“We must make sure,” Avery continued, wrinkling her nose, perplexed, “that the candle doesn’t set fire to the wreath. We do not want to burn down my house and shop.”

Dan had already placed the step ladders into position, and taking the Bunch from Sally, he wrestled it on to the hook just beyond the front entrance. When it was finally in place, he lit the candle. “Don’t worry, Avery. It will be fine. It’s a good distance from the greenery.”

Sally clapped her hands with delight. “Perfect! I knew a real one would look much nicer than a fake!”

“Now can I have a mince pie?” Dan asked as he folded the steps up.

“You may, if you make coffee, too.”

Dan grumbled as he headed to the backroom, and Sally laughed. “I do love teasing him.”

“As long as you keep making mince pies, you can tease him all day long.” Avery settled behind the counter. “So, when’s judging day for the wreath?”

“The day after Yule, seeing as tomorrow Stan will be whirling around White Haven, making sure it’s ready for the parade.” Sally leaned on the counter. “I really think that he needs help. He never stops!”

“Will he open the fayre tonight, too?”

“I’m not sure, but I can’t wait.” Sally grinned. “I’ll take the children this year. They will love to see the castle lit up. How is Clea this morning? Will she go to the fayre tonight with you?”

Avery had returned to sit behind the shop counter, and startled by the question about her grandmother, she almost knocked over the cold dregs of her coffee. “Shit! How could I have forgotten her? I’ll go and check.”

She raced into the backroom of the shop, straight past Dan who was making a fresh pot of coffee, and up the stairs to her flat. She paused on the threshold of the living room, once again feeling as if something was wrong, but everything looked fine. The Christmas tree was decorated in the corner, the TV was on with the sound turned low, and Clea’s door was partly open. But the smell of burnt toast wafted from the kitchen, and Avery walked to the archway that separated the kitchen from the living room.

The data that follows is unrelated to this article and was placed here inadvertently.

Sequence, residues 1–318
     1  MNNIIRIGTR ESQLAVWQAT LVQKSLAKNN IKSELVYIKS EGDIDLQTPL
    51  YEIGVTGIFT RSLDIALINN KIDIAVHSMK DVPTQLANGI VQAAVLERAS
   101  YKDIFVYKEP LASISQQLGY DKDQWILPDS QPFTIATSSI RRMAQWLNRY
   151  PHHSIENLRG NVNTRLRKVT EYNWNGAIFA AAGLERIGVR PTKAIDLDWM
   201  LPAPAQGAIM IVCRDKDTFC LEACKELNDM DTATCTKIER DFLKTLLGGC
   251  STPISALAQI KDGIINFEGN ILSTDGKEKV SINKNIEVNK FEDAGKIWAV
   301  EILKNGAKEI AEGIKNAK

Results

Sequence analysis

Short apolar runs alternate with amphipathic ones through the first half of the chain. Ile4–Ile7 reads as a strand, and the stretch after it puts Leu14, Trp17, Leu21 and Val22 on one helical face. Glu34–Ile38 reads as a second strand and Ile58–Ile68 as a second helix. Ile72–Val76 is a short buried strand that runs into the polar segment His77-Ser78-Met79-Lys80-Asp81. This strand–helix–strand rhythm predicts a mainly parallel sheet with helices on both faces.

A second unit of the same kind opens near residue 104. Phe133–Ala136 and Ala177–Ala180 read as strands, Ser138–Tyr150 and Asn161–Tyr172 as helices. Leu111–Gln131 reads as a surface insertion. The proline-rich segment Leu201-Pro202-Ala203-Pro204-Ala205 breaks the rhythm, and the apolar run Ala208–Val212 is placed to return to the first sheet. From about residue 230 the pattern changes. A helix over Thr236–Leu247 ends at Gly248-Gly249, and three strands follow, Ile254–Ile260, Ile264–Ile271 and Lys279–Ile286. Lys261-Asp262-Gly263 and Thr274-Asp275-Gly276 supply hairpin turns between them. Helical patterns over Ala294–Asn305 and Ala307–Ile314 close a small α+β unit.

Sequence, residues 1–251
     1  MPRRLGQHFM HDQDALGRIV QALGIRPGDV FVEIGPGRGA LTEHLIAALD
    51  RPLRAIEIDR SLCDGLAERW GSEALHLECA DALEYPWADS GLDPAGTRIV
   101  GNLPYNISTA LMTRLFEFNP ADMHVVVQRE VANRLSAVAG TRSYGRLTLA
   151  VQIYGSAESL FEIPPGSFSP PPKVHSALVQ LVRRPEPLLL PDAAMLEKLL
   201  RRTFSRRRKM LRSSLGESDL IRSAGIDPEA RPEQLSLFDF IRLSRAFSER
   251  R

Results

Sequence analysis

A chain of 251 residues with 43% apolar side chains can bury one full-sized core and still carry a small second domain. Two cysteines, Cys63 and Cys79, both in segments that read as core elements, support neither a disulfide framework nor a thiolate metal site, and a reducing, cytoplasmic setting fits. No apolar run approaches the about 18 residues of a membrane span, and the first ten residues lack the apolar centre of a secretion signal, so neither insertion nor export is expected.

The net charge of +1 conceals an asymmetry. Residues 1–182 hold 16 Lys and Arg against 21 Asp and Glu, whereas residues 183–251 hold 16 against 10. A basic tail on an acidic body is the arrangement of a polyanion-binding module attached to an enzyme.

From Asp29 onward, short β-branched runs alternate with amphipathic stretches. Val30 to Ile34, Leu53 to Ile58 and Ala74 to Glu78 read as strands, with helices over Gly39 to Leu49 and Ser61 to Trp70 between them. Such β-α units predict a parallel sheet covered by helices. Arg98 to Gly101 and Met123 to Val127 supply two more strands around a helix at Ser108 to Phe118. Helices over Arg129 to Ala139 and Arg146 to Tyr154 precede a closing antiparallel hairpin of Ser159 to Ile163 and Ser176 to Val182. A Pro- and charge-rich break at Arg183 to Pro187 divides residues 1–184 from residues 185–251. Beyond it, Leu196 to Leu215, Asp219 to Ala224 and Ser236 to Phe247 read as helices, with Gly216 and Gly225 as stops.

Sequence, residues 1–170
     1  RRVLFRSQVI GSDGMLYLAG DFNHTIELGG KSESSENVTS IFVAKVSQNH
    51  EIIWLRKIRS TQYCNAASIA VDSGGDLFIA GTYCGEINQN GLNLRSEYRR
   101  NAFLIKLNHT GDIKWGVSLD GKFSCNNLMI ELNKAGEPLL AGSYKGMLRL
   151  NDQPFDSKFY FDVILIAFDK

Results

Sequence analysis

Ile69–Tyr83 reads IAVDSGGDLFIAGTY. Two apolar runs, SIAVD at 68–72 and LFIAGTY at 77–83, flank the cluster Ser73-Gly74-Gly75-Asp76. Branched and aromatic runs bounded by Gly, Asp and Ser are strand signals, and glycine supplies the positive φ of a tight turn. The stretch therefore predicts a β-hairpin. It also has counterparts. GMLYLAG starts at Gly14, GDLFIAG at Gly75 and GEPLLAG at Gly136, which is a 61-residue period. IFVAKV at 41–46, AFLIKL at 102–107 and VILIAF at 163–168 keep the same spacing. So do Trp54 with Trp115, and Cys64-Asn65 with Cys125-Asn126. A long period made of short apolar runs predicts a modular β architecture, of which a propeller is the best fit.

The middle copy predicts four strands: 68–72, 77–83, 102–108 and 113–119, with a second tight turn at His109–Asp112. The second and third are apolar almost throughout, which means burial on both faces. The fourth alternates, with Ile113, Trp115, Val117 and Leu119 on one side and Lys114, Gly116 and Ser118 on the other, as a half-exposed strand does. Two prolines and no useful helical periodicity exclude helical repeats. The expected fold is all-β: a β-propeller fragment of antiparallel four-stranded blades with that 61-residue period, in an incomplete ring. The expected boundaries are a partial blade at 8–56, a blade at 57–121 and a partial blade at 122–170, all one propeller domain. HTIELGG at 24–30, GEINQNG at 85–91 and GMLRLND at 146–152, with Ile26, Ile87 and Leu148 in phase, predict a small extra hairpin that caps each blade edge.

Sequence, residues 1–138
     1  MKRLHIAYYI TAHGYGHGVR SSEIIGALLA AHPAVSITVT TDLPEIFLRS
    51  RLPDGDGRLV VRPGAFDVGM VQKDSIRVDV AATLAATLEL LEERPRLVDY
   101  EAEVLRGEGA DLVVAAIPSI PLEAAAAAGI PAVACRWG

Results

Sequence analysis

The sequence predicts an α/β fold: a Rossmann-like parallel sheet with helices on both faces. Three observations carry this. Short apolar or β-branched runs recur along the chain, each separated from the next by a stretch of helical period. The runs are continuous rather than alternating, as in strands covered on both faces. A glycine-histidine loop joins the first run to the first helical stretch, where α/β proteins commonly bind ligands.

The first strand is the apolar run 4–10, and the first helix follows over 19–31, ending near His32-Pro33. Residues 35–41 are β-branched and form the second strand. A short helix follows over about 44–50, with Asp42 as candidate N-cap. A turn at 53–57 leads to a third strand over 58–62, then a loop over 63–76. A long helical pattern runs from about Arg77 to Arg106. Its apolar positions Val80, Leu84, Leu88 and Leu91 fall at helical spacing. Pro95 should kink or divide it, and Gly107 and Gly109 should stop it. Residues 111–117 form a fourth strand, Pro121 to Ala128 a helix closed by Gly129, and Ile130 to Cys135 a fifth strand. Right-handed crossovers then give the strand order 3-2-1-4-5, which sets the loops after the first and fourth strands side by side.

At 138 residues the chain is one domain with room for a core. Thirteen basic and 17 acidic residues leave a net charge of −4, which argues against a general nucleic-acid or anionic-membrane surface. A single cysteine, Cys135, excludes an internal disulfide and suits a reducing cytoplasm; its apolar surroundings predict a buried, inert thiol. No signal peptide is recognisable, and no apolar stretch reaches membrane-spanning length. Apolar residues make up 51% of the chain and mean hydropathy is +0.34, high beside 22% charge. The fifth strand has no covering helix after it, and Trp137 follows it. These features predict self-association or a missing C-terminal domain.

Clea, still dressed in her fluffy bathrobe, was at the sink, scraping off the blackened edges from the toast. Avery crossed to stand next to her. “Gran! I’m so sorry I didn’t wake you. Are you okay? Let me make you more toast.”

Clea looked up at her, her smile vanishing into her wrinkles as she patted her hand. “I’m all right, my dear, don’t you worry. You have the shop to worry about. I’m going to watch a bit of breakfast TV. Join me for lunch though, later?” She headed to the counter to butter her toast.

“Of course.” Avery’s head felt woolly, and she looked around at her familiar kitchen, wondering if she had a hangover.

Had she and Alex got riotously drunk the night before? Surely not. She would have a pounding headache. Her kitchen had the remnants of her and Alex’s breakfast in the sink, and their belongings were strewn around the living room, and yet, everything felt so wrong. She drifted to the window, but the view was as muffled as her head. Snow swirled thickly, obliterating her view of the garden and the town. She could barely see the lane behind the house, and the sea was completely hidden.

Drawn upstairs by a compulsion she couldn’t understand, Avery headed to the attic floor where her bedroom was situated, leaving Clea to potter. Standing on the threshold, she frowned at the shadow filled space. Her and Alex’s bedroom was the room on the other side of the fireplace. On this side was the big, wooden table cluttered with books, the shelves around it stacked with candles and herbs. She inhaled the scent of incense and felt her spirits lift. But why had she so many herbs up here? Shouldn’t they be in the kitchen? And why so many books?